Portage argues these sections are unambiguous and mandates South Haven has EPA approval prior to expanding its service territory.

The commission found the provisions in the consent decree to be ambiguous and granted South Haven the power to expand. However, the Court of Appeals found the consent decree's language to be unambiguous, wrote Judge Patricia Riley.

"By defining service area as the area South Haven was providing sewer service to at the time of executing the consent decree, any future 'proposed expansion' of the service area requires EPA's approval pursuant to Section V(8)(a)," she wrote. "Accordingly, as South Haven proposed to expand its original CTA by filing a petition with the Commission, it should have requested EPA's prior approval."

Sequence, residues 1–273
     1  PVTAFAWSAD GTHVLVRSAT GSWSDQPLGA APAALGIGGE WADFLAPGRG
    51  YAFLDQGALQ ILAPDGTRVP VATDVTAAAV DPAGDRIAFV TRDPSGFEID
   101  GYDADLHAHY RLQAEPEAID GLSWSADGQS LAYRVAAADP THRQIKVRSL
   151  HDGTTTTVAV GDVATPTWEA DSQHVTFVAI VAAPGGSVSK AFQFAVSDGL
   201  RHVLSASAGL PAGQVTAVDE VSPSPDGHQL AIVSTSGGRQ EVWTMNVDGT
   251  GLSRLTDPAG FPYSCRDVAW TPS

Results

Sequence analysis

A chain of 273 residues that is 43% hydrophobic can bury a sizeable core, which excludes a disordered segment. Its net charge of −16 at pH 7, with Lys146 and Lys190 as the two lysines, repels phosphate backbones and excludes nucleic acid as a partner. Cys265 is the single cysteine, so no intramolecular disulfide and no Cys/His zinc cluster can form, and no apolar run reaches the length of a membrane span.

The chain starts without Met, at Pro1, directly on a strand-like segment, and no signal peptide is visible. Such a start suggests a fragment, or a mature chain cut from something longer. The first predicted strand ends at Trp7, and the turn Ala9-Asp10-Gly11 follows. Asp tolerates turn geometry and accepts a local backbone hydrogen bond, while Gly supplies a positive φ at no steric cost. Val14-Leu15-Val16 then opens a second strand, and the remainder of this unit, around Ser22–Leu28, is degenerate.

South Haven and the commission argued requiring prior EPA approval for South Haven expansion means the EPA will have power over state matters. However, South Haven voluntarily entered into the consent decree with the EPA. Even after receiving EPA approval, it is still up to the commission to determine whether to grant South Haven's request for expansion, wrote Judge Riley. Therefore, the commission erred as a matter of law when it determined South Haven had lawful authority to expand its geographic service territory.
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  1. I grew up on a farm and live in the county and it's interesting that the big industrial farmers like Jeff Shoaf don't live next to their industrial operations...